Tag Archive for: TEN-T

Developing sustainable Intermodal Transport Networks: a challenge for logistics

As 2020 comes to an end, in this final issue of the Odiseo of 2019 I want to focus on networks and the elements that make them up. There are a few main protagonists: the people they serve and, in many cases, those who benefit from them.

The western Mediterranean is an area composed, in the South, of Mauritania, Morocco, Algeria, Tunisia and Libya. In the North the Sea houses the countries of Portugal, Spain, France, Italy and Malta. It is home to a total of about 290 million people. It has a young South, where 43% of the population is under 25 years old, compared to the 25% in the northern countries. In the North the situation is reversed, where 33% of the people are 55 years old or older. In the south, this number does not reach 15%. The North hosts about 190 million inhabitants facing close to a hundred million in the South.

The three networks that structure the development of our society

Why are we talking about networks? We live immersed in all kinds of networks, and often we are not very aware of them. Our society and economy are built around three major networks: energy, telecommunications and transport. In Europe, these first appeared in the Maastricht Treaty in 1992, and their function was primarily set to link all regions, contribute to the growth of the internal market and job creation, while simultaneously achieving environmental and sustainable development objectives.

These networks serve us efficiently on a daily basis. For transport to function smoothly, we need energy networks, comprising petrol stations, electricity charging points, natural gas supply points and, as well as the currently emerging, new, less polluting energy sources.

Telecommunications allow us to make digital payments by cards, financial transactions, give us access to the World Wide Web, e-commerce, e-mail, IoT and capture data for the use of intelligent transport management systems, among many others.

In transport services, we have two clear examples: the container, which is already widespread through the global network, and is generally accepted and not questioned by the industry members, and on the opposite side of the coin – the railways, which in today’s climate need to make progress to obtain better standardisation systems. This is particularly true in Spain.

Each network has to follow its own operating rules. For example, when we go to a gas station, we know what kind of fuel is there on offer. In the field of electronic communications, the Internet has taken control of the entire market. We have already mentioned the containers in which 20, 40 or 45 feet have become the norm. On the roads, more and more signalling systems and traffic rules are becoming unified. Finally, in road construction itself, international standards are used to classify the different categories.

Building a network

Networks facilitate progress. There are set architectural designs that have been developed to ensure such progress, and which almost always has positive consequences. A network is built with supporting infrastructures. In communication networks, we have service stations and, in some cases, gas pipelines for the transport of fuels or gas. In the field of transport, we have ports, logistics platforms, roads and road and rail infrastructures.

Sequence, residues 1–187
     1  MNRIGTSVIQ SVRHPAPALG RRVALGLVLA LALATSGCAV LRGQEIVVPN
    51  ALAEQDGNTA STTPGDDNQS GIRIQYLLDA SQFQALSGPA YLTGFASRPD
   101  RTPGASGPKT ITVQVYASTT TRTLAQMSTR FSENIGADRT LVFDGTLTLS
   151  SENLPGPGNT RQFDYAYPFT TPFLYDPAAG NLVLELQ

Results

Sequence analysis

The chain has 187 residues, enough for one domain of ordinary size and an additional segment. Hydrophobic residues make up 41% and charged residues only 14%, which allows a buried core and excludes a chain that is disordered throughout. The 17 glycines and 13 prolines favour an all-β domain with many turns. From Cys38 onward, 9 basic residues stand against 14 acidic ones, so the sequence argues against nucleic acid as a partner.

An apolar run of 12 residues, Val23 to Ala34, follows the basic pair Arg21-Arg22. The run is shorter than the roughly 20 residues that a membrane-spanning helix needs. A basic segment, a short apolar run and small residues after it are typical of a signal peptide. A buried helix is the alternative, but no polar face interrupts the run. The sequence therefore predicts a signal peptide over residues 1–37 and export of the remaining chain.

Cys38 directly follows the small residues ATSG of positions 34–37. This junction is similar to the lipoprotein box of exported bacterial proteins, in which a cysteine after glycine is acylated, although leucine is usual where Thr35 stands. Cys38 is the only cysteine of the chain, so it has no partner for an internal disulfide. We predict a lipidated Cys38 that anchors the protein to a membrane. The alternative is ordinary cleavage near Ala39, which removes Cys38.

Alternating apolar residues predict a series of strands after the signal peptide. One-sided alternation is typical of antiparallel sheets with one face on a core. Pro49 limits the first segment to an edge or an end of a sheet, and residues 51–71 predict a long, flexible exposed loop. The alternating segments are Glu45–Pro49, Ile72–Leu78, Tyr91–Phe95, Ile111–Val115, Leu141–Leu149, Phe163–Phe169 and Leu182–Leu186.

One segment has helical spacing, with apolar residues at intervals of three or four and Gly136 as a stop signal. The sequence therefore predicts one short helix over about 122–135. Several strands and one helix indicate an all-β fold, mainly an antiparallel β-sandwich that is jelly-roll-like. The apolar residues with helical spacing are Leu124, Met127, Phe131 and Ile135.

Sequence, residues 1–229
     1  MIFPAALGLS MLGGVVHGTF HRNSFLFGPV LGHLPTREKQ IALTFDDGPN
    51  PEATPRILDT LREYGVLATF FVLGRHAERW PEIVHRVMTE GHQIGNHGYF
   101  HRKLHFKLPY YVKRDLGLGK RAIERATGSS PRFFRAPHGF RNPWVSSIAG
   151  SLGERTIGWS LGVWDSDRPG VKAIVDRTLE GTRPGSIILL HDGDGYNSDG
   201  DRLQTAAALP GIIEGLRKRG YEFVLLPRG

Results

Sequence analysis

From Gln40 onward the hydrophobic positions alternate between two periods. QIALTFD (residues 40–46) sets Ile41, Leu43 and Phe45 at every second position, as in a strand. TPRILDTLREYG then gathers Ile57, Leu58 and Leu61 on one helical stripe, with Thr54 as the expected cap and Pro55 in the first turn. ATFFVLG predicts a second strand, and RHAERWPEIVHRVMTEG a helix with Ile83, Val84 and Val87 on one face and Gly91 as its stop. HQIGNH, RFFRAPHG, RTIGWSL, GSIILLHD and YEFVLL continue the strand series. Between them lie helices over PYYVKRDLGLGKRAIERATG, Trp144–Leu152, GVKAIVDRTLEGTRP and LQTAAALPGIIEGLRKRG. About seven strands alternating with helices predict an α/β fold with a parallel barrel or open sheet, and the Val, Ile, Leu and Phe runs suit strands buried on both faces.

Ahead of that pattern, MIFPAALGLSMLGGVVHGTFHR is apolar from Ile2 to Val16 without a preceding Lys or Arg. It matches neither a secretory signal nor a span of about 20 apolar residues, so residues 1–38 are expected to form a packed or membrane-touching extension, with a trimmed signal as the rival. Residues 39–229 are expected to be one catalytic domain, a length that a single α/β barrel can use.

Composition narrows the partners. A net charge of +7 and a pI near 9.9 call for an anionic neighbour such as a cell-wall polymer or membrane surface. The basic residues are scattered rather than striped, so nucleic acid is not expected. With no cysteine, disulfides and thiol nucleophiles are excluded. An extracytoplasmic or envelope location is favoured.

We can then turn to these infrastructures and provide services that support the network. It may involve the simultaneous incorporation of several networks that are necessary to be able to provide the services that the networks have as their main objectives. Finally, operational regulations and a form of governance needs to exist that will establish rules, standards, access and guidelines, among other things that would facilitates their use and growth.

Once an adequate operational structure is established, the network must develop to consolidate. This requires collaboration and information sharing. Best practices, training, and working with specialised groups are important for the take-off and growth of a network. Once a certain size is attained, the network will be able to contribute with more value before becoming a normality. For example, today, it would be very difficult and costly to replace the Internet or the widespread use of maritime containers.

With a consolidated network, new services, new functionalities, transaction optimizations, new challenges and new components emerge.

Transport Networks

Europe proposed a trans-European network in the same way as Ferrmed[1] proposed a rail network in the Mediterranean. Since then, networks of logistic towing of semi-trailers closely linked to short sea shipping have been proposed. These then help improve freight transport systems and reduce overall costs. When thinking of transport units, these would be our core networks for manufactured products, while for ro-ro transport, RO-RO vessels and ferries are heavily relied on.

The first element that emerges is the topology of the network. We start from the basic elements that make up networks: nodes and vectors, which in turn form different sets according to the product flows and the criteria with which they are constituted. Taking the airport model as a reference, a modern mode of transport that has evolved very quickly and efficiently, we can see that there are networks with point-to-point relationships that have evolved into networks with hub and spoke nodes that have allowed us to respond to the sizes of the aircrafts. And this, in turn, has evolved into hybrid systems. Thus it can be summed up that the network is configured according to the means of transport, structure and volume of traffic.

When looking at the port level in the Mediterranean region, there are clearly defined Hub ports, such as Algeciras and TangerMED. Ports that could be classified as hinterland or Gateways also exist. These include the likes of the Ports of Casablanca, Barcelona, Genoa or Civitavecchia.